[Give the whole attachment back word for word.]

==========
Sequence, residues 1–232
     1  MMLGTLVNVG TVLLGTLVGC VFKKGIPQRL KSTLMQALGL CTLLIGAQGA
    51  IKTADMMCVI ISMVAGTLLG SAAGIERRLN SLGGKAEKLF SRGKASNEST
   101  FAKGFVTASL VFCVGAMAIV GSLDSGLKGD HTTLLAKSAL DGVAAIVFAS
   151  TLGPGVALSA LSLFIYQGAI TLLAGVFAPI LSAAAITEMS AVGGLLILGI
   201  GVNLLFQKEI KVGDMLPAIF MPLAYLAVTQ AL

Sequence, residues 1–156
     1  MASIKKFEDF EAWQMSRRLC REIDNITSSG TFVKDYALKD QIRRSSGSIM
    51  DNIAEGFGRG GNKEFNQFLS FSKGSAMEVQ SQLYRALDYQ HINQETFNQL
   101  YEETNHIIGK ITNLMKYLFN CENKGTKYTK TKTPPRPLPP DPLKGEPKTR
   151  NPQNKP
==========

Sequence, residues 1–232
     1  MMLGTLVNVG TVLLGTLVGC VFKKGIPQRL KSTLMQALGL CTLLIGAQGA
    51  IKTADMMCVI ISMVAGTLLG SAAGIERRLN SLGGKAEKLF SRGKASNEST
   101  FAKGFVTASL VFCVGAMAIV GSLDSGLKGD HTTLLAKSAL DGVAAIVFAS
   151  TLGPGVALSA LSLFIYQGAI TLLAGVFAPI LSAAAITEMS AVGGLLILGI
   201  GVNLLFQKEI KVGDMLPAIF MPLAYLAVTQ AL

Sequence, residues 1–156
     1  MASIKKFEDF EAWQMSRRLC REIDNITSSG TFVKDYALKD QIRRSSGSIM
    51  DNIAEGFGRG GNKEFNQFLS FSKGSAMEVQ SQLYRALDYQ HINQETFNQL
   101  YEETNHIIGK ITNLMKYLFN CENKGTKYTK TKTPPRPLPP DPLKGEPKTR
   151  NPQNKP